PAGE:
From the May 2016 issue of HealthCare Business News magazine
By John Zaleski
Despite myriad public and private guidelines, reforms and standardization initiatives, many medical devices still require that their proprietary semantics and messaging format be translated to something more standardized to health IT systems.
For the foreseeable future, medical device data system (MDDS) middleware will continue to be necessary to pull data from certain classes of medical devices using vendors’ specifications, then translate and communicate it to a system of record.
The breadth and scope of MDDS middleware’s capabilities facilitates ways in which hospitals, health systems and other provider organizations can uncover means to leverage the data that flows from a device into a system of record. The use of the data to improve patient care management and clinical decision making comes immediately to mind — but that only scratched the surface of what is possible.
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Critical distinctions in middleware will define how that data can be used. While the capabilities of different middleware products overlap, there are key aspects of note for any enterprise deploying MDDS middleware to capture medical device data for operational charting and research. Minimally, MDDS middleware needs to be able to retrieve episodic data from a medical device and translate it to a standard format. Additionally, middleware should be able to retrieve data at variable speeds to meet the requirements of various clinical operational settings.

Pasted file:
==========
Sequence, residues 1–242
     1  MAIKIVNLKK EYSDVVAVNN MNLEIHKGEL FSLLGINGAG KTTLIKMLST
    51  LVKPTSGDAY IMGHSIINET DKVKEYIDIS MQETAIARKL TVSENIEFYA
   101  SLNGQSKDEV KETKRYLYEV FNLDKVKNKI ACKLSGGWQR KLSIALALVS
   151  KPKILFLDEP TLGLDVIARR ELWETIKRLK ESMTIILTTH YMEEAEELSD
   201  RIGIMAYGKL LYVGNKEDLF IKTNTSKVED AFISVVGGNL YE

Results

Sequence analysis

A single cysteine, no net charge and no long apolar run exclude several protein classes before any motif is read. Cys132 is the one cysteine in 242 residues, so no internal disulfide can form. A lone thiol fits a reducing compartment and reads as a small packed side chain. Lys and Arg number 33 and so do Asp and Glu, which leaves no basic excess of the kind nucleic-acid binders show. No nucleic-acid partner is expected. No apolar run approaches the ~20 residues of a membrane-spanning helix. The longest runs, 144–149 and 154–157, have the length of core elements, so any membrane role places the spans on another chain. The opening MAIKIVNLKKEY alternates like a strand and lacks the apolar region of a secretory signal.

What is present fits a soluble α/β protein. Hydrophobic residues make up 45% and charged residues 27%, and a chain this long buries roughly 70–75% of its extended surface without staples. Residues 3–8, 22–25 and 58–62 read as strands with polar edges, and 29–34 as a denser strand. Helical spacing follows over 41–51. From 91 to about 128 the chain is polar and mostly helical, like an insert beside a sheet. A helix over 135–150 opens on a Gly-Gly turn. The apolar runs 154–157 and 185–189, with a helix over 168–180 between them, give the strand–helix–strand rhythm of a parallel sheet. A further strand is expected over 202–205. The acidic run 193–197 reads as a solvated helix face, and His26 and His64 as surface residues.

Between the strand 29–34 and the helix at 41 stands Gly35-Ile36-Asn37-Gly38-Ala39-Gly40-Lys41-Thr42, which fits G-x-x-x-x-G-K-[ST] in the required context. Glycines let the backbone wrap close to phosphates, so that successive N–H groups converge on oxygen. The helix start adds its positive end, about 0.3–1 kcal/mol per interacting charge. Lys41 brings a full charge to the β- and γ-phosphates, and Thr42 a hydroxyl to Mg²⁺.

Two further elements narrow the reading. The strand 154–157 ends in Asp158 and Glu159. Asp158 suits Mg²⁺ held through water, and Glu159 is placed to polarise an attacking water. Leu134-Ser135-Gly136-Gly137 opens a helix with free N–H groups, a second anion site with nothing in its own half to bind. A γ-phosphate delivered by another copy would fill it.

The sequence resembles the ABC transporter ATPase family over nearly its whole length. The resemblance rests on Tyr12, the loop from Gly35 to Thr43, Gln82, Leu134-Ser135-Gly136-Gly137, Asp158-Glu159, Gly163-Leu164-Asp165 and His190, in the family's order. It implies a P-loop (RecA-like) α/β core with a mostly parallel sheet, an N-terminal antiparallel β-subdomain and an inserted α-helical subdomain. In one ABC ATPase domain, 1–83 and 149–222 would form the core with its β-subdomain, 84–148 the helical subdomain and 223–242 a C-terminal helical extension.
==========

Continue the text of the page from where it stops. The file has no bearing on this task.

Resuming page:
For example, clinical charting intervals normally vary based on clinical requirements from 30 seconds up to several hours. The ability to retrieve data at variable rates, including at the sub-seconds level, requires technical capability on the part of the middleware vendor, but it also requires regulatory capabilities in the form of FDA clearances, which indicates that the middleware has mitigated the risk associated with communicating higher frequency data for alarms and analysis — even patient monitoring and intervention.
In the health IT space, FDA 510(k) clearance governs medical device connectivity and communication to medical device data systems. One of the distinctions between medical device data systems that are intended for the use of charting and active monitoring is that those systems cleared for active monitoring have demonstrated the capability to reliably communicate data and alarms that are required for patient assessment and intervention.